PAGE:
Unlocking the Potential of Millennials to Change Our World

Change the world

In our recent post, “Offering Our Youngest Leaders a Seat at the Table,” we asked the question, “Would students help bring about a better world if we gave them a seat at the table?”

Ten days later, we learned that the answer is, emphatically, “yes.”

This is the first in a series of weekly posts in which we share with you what it looks like when we unlock the potential of students to change our world.

On June 4 and 5, my colleague Mark Moran and I visited Downingtown STEM Academy in Pennsylvania. Our audience was a class of 300 sophomores, on the last two days of school before summer break.

When we arrived, they were scattered around the rear of the auditorium, slumped in their seats and playing with their phones. One teacher confided that students’ primary motivation for coming to school that day was to pick up their yearbook.

Not exactly prime conditions for a successful field test, right?

I opened by explaining to the students that when I ask first-graders if they think they can change the world, they all respond “yes” – and run up to the stage to tell me how.

I asked this group – which I knew had no thoughts of running up to the stage – what percentage of them would respond positively to the same question.

The answer? Two percent. Six of the 300 students would tell me they could change the world.

Over the next two days, we, and members of our community, told and showed these students that we believed in them.  Students began to sit up and listen more carefully.

“Would students help bring about a better world if we gave them a seat at the table?”

Ten days later, we learned that the answer is, emphatically, “yes.”

They began to flood the Tweet stream with excitement. Several texted their absent friends, urging them to get to school. One student, who planned to take the two days off after oral surgery, showed up with an ice pack on her face.

We weren’t done with them just yet. Several innovators Skyped in with advice. We arranged connections between the students and relevant outside experts who were active on Twitter. Mark provided legal and editorial advice and taught them to focus on a narrow idea. I taught them how to create a heartbreak map to figure out what really matters to them and made a meager investment to purchase three URLs.

How did these students react?

They began to change the world.

Three hours after we first spoke to the students, they lined up to tell more than 100 worldwide viewers, via UStream, about their genius ideas.

The following morning, several students Tweeted that they could not wait to get to school.

In our parting words, we asked the students to stand if they now believed they could change the world. All 300 of them rose as one.

As we drove back to Manhattan, they showed us. My phone erupted with messages from students. An idea had coalesced, a company had been formed and named, a logo was designed, a mission statement complete, a website was operational, a launch video had been published.

Not once. Not twice. Twelve times. In 32 hours, on the final two days of school, these students had formed 12 companies devoted to solving the world’s problems.

Justin Staub, the audacious, can-do teacher who put this program together in less than two weeks, chronicles some of the students’ work in this post.

This morning, we received the second iteration of the launch video for “Lunch Box Notes,” one of the 12 companies formed. This group of students that is resurrecting a decidedly low-tech method for conveying to others how much they matter to you: a handwritten paper note, delivered in a brown paper bag.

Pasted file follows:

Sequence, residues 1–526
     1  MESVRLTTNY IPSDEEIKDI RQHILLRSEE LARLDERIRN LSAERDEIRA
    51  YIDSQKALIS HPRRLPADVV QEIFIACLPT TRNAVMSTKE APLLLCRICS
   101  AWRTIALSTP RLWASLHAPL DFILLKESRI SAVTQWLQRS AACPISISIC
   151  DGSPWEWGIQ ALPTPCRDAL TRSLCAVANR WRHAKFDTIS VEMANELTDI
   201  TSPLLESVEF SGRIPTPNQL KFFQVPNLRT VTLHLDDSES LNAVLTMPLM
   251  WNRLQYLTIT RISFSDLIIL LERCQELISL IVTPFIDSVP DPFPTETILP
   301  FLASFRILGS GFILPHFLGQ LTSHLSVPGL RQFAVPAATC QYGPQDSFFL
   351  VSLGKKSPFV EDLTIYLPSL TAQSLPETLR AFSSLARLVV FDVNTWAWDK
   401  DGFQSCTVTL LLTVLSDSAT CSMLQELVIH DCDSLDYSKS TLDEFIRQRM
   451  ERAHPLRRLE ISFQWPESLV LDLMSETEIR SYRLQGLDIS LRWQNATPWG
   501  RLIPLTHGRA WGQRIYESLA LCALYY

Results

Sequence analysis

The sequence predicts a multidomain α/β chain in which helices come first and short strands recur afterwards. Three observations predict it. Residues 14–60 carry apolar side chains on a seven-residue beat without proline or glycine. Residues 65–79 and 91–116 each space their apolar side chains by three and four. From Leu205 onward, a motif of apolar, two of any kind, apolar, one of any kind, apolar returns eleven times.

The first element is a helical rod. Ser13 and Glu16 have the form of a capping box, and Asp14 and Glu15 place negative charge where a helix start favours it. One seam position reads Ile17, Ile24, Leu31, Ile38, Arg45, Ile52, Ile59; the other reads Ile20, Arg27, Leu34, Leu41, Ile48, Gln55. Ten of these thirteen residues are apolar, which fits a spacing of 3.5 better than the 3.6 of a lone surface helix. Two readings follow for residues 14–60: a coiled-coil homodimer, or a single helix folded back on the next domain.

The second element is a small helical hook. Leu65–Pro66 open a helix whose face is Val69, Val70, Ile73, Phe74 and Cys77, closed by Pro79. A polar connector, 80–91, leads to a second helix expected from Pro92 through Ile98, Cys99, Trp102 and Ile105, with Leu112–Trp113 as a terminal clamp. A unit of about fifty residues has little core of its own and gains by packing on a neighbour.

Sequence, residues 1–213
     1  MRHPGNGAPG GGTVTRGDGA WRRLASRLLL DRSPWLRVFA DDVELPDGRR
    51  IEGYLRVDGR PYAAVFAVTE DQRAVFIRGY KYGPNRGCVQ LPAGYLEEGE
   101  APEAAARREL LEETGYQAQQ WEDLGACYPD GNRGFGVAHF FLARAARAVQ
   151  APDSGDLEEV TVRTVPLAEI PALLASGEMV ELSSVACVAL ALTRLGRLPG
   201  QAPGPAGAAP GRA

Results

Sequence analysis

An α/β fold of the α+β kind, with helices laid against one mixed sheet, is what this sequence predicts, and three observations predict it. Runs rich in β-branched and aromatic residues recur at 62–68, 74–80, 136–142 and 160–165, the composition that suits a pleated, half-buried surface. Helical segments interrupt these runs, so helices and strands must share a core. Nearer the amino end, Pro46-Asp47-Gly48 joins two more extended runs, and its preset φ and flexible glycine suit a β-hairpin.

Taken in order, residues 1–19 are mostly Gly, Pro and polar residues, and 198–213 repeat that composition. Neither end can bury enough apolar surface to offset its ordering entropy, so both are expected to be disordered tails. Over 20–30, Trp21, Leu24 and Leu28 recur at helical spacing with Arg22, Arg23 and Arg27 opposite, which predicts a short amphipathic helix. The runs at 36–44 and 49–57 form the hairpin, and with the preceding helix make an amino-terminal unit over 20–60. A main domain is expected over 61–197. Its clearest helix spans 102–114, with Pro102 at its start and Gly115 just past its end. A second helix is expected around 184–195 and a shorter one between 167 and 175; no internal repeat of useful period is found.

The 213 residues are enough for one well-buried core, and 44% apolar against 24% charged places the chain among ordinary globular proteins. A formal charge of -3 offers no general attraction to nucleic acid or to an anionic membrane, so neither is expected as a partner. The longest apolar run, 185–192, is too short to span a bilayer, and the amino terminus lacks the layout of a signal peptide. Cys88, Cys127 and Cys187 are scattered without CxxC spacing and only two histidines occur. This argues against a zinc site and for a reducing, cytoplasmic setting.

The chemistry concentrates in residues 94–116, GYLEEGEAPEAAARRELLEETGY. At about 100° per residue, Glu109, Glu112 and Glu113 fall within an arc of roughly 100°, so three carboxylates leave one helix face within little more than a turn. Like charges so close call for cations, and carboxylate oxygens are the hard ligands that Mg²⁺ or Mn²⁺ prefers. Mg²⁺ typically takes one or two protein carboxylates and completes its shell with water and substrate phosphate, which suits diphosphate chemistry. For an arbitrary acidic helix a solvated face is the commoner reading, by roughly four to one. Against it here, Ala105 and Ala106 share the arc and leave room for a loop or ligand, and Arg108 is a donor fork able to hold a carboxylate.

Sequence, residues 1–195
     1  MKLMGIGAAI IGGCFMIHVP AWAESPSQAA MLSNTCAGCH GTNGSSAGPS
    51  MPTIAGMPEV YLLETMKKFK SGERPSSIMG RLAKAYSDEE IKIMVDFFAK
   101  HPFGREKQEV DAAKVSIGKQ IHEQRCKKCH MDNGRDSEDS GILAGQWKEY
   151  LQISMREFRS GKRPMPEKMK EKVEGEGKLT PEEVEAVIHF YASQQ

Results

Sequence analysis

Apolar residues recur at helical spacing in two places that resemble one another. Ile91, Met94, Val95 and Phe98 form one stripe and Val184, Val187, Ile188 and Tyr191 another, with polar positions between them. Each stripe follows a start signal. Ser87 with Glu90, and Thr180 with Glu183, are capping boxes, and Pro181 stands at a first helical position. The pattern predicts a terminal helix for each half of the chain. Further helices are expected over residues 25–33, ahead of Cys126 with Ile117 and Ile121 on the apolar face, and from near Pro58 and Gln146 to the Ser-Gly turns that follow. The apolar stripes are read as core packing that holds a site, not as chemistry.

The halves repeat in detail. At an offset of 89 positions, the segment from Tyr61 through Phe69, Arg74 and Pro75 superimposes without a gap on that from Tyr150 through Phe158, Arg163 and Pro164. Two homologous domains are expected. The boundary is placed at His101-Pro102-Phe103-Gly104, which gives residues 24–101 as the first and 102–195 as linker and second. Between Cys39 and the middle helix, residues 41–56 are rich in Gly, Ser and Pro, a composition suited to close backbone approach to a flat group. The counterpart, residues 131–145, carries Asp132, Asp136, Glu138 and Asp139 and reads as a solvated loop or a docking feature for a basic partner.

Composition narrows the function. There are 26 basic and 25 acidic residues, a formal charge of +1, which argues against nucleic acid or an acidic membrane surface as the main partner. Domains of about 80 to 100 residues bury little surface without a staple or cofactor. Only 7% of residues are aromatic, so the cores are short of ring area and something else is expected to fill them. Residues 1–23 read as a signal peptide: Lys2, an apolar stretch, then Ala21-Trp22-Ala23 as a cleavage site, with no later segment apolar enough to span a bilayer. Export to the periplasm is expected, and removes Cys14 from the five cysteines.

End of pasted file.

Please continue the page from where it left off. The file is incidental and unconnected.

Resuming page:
Many of their teachers – a group that can certainly use a morale boost these days – were the first lucky recipients.

One student, Carrie Filion, poignantly explains in the video the value of telling someone they matter and that you believe in them. Carrie described returning to school for the first time after a hospitalization, one of several she has endured recently. She opened up her lunch box to find a note from her mother that read, “Good luck Care Bear, you got this. xoxo Mom.”

Carrie explained, “I really did have it…and that note helped me understand that I matter, and I can persevere.”

As Aimee Mullins says in one of my favorite Ted Talks, “All you really need is one person to show you the epiphany of your own power and you’re off. If you can hand people the key to their own power, the human spirit is so receptive…if you open doors for people at a crucial moment, you are educating them in the best sense. You are teaching them to open doors for themselves.”

Carrie’s words show that sometimes a simple lunch box note is all it takes to show someone the epiphany of their own power.

We thank the Lunch Box Notes team for this wonderful idea, and for their determination to tell others they matter, and teach them to open doors for themselves. We also appreciate the wonderful wisdom in their video, particularly the line, “don’t be afraid to spread your kindness.”

We’re taking that advice to heart, and offering this “seat at the table” to the wonderful young leaders from Lunch Box Notes, who are only just beginning to change the world. We hope to share more of their wisdom with you soon.

Will you help support our movement to unlock the potential of students to change the world? Please consider making a small donation through our fundraiser on Indiegogo.

My life path has always been about teaching and communication. My twenty years as an educator and my passionate pursuit of literacy and learning, gave me the healthy dose of courage and skills that have led me through a wonderful variety of experiences, including classroom and University teaching, instructional coaching, research, writing, publishing, corporate training, and starting my own business.

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